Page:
Jan. 31, 2018—In an op-ed published in the Washington Post on the eve of President Trump’s State of the Union address, Senate Democratic minority leader Chuck Schumer urged the President to propose “a substantial investment in our nation’s infrastructure.” Among the historical examples which he raised was none other than Whig leader Henry Clay, whom he said was known for advocating a “program of `internal improvements’ such as roads and canals to link together a growing America.”

Henry Clay, who served as both a Congressman and Senator from the 1810s to the 1840s, is indeed an appropriate example—and not just because the Whig Party was the precursor of the Republicans (a fact Schumer apparently used to “stick it” to the Republican President). Clay, along with his colleagues John Quincy Adams and John Calhoun, was the statesman who popularized Treasury Secretary Alexander Hamilton’s economic program as the American System.” His campaign took off big time with a major Congressional speech in 1824 in favor of a protective tariff, but his program actually was comprised of three planks: 1) Protective Tariffs, 2) a National Bank, and 3) Internal Improvements.

Henry Clay

What Clay–and his devotee Abraham Lincoln – understood was that the Federal government had to take responsibility for developing the nation as a whole, using its Constitutional powers. To do so required sovereign control over its national currency and credit, fostering of technological advance in industry and agriculture, and building a national infrastructure of transportation (among other areas). No one part of this program would function without the other two.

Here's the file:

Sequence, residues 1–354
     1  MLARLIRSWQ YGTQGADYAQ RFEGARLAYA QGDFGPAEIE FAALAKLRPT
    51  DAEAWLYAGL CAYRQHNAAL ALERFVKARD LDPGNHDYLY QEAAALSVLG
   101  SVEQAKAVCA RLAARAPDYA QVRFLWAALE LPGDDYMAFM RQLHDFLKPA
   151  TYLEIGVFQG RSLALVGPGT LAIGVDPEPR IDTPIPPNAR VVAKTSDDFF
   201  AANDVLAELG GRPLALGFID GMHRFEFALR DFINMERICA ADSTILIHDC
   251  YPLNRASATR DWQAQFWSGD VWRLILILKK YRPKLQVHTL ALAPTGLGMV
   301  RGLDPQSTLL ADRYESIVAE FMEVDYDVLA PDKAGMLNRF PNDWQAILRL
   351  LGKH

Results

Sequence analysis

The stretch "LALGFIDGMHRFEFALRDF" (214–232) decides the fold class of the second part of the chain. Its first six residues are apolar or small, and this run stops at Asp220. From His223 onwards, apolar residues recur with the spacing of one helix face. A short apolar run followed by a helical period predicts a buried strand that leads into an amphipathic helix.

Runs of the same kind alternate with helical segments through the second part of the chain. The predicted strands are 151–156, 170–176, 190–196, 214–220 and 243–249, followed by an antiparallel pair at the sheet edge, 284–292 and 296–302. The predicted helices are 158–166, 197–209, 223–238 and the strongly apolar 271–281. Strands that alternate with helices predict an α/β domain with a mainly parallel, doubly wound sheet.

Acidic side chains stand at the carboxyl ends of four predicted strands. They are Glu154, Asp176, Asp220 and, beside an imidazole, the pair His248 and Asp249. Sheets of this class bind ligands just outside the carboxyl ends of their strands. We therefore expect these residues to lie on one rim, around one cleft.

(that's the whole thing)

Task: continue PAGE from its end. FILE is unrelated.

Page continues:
It’s not at all clear that Schumer was proposing following Clay’s example. But if Democrats were to take Schumer’s citation seriously, they would not only steer the Democratic Party away from “free trade,” but immediately take up a campaign for the only means for funding the crucial infrastructural investments the United States needs, a National Bank. Such a bank, like the Second National Bank, must function as a source of Federally-backed, long-term, low-interest credit. With the support of Clay and President Adams, Second National Bank President Nicholas Biddle provided that credit to create one of the nation’s greatest expansions of infrastructure by investing in canals and railroads.

Through the backing of government bonds, along with dedicated income streams to pay the interest, such a bank today would not balloon the deficit, but, if it invested correctly, would rebuild the nation. By supporting construction of a high-speed rail network, nuclear power plants, and the space program, for example, a new National Bank would dramatically increase the productivity of the economy—as hasn’t been seen what’s called the Golden Era between 1948 and 1973–leading to a rapid rise in living standards that hasn’t been seen for the working population since that period.